Shakespeare said it first: politics makes strange bedfellows.

We may have just witnessed the first act of Superintendent McGinley's removal.

Saturday, March 19, 2011

Lack of License Puzzle for CCSD's Lewis

William H. Lewis (aka Bill Lewis), Executive Director of Facility Improvements for CCSD, does not now and never has had a professional engineering license in the State of South Carolina. As a naval officer with an engineering degree, he didn't need one.

Now that he's not in the Navy, why does he use "P.E." after his name on his correspondence and his letterhead? Why does it appear after his name on an endorsement posted on the website of Heery International, a company employed by CCSD and now under criminal investigation by the DeKalb County Schools?

Misleading at the very least. Makes you wonder what else he's misled us on.

Wednesday, March 16, 2011

Do the Principal Shuffle in CCSD

From one failing school to another: Principal Benton of Burke High School will become interim principal of North Charleston High for the next year only while a nationwide search for the perfect principal occurs.

How many principals has North Charleston High School endured in the last six years?

Maybe the "principal shuffle" is part of the problem. Or should I say the superintendent, since she's the one shuffling them?

Thursday, March 10, 2011

CCSD Slaps Public in Face with Ticket

For Charleston County Schools Superintendent Nancy McGinley, "open meeting" means open to supporters of her administration, not to her critics.

How else to explain the ticketing of Henry Copeland for meekly attending Tuesday night's informational session on budget cutting at Burke High School? Copeland, who sat in the back and said nothing, will appear in court to challenge the right of CCSD to "close" its meeting to someone who is a resident of District 20. He's demanding a jury trial.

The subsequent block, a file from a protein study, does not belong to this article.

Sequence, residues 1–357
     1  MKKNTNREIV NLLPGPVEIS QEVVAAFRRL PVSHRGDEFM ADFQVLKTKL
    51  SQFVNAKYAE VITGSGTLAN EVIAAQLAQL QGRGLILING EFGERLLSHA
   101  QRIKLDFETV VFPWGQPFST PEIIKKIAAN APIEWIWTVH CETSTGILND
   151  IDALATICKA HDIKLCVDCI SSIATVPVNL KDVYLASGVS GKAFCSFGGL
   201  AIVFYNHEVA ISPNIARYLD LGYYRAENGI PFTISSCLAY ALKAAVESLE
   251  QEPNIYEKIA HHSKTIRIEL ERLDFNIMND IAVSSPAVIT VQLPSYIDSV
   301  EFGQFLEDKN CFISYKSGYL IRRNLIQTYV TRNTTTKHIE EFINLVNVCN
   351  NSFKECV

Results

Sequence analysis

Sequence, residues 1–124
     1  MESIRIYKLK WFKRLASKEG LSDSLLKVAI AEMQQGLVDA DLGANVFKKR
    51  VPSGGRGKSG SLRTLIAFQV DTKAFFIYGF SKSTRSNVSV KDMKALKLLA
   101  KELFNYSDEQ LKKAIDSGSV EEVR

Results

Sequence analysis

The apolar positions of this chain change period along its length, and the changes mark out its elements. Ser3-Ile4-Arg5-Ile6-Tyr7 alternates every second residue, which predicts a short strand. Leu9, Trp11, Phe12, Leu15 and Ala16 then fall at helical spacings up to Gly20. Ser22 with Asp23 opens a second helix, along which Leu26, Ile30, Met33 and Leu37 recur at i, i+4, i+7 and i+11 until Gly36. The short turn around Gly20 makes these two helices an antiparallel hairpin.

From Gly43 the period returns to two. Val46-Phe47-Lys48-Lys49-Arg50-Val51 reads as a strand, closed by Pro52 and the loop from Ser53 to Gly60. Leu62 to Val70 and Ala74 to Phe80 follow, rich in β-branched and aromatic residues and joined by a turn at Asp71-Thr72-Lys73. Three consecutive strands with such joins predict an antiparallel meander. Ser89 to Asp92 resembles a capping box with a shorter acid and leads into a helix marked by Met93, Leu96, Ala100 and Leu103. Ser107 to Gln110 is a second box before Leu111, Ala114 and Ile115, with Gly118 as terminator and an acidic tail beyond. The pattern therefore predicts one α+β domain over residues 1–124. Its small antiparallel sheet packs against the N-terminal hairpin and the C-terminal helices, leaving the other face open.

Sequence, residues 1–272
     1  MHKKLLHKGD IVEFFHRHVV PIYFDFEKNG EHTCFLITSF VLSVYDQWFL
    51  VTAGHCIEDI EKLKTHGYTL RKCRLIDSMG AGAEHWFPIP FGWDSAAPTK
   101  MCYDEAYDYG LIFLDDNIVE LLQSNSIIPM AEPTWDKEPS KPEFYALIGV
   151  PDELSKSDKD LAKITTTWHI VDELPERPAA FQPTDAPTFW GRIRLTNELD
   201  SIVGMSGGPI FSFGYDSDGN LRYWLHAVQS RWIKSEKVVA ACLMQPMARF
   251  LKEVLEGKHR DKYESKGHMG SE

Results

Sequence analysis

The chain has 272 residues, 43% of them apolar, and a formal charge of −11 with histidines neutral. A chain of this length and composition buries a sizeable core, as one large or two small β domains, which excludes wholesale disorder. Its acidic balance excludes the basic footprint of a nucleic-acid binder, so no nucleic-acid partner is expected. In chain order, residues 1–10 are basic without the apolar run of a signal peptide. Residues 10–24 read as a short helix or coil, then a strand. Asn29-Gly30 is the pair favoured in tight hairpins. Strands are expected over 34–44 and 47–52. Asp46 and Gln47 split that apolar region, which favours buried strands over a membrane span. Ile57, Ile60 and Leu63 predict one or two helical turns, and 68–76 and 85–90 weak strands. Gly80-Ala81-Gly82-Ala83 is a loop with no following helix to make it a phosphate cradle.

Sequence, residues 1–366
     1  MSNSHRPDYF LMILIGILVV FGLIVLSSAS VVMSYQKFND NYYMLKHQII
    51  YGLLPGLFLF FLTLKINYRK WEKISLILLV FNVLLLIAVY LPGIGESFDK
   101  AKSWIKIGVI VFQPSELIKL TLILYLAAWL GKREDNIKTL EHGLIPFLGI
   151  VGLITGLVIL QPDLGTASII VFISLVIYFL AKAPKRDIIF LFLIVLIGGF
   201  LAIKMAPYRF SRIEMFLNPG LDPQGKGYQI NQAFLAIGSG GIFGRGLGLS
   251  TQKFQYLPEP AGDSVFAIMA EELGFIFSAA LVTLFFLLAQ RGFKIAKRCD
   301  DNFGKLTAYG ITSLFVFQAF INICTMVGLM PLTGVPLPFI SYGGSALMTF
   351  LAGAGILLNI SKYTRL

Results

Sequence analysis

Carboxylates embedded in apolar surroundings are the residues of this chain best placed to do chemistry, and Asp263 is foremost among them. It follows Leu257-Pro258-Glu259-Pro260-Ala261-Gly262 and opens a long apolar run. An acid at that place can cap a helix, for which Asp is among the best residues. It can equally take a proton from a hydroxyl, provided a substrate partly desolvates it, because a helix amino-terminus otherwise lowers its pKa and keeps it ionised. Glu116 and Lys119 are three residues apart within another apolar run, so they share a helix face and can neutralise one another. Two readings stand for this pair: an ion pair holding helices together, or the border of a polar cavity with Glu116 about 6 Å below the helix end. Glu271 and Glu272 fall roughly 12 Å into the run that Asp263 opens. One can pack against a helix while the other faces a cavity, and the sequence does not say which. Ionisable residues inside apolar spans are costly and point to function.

Just the presence of a taxpayer who understands more than most what really goes on at 75 Calhoun strikes fear into CCSD's administration. Really, what does it have to hide?

Emerson just stepped out of his league.

Wednesday, March 09, 2011

Outsourcing in CCSD: Privatizing for Dummies

Meeting attendees at Burke High School this week had the right idea concerning balancing the budget of the Charleston County School District. Naturally, the P&C's reporter pegged them as "confused."

Why outsource day-porters for savings? After all, they are at the bottom of the barrel when it comes to compensation.

A much better idea would be to outsource our expensive administration.

That's right: privatize the superintendent and her cadre. Imagine how much money could be saved!

Who doesn't believe a private company could run the district more efficiently with less money?

Tuesday, March 08, 2011

CCSD Wants Feedback? Give It an Earful

By any measure, the Charleston County School District finds itself in an awkward position: it touted a one percent rise in the sales tax as a way to forgo a rise in property taxes--and won.

Be careful what you wish for; you just might get it.

Now it must explain to the public that none of the millions from that extra sales tax can be used for its most basic budgetary needs--running and staffing its schools. Thus, unavoidable budget cuts loom. CCSD holds informative meetings for feedback.

What could anyone possibly say at one of these meetings that would make any difference?

Just think. Charleston County will have the best looking, state-of-the-art school buildings in the state, but it won't be able to pay the salaries of the teachers it needs for its students.

On the other hand, if CCSD had raised property taxes, it wouldn't be able to spend millions on seismic evaluations or renovating bus stops.

What a trade off.

Thursday, March 03, 2011

Goodloe-Johnson's CCSD Legacy

The furor has been building in Seattle ever since a state audit of former CCSD Superintendent Maria Goodloe-Johnson's Seattle administration revealed hanky-panky with financial affairs. And her financial guru came to Seattle with her from, wait for it, the Charleston County School District.

And she left behind her protege, now Superintendent Nancy McGinley. Don't you wonder if the Broad Institute covers this sort of thing?

For sure, Seattle is a place where everyone doesn't just assume that people are doing the right thing; unlike the "good old boys" of the South, they trust but verify. And look what happens!

Seems as though many detractors of the present CCSD administration have called for a proper audit of the district to no avail. Could be a wake-up call.

Is there any way to get the state involved?

Does the State Superintendent have the power to investigate?

Do our local legislators care? Or are they pawns of the Chamber of Commerce also, the one touting its victory in handing millions more over to Bill Lewis to provide full employment to his friends?

Ask Chris Fraser.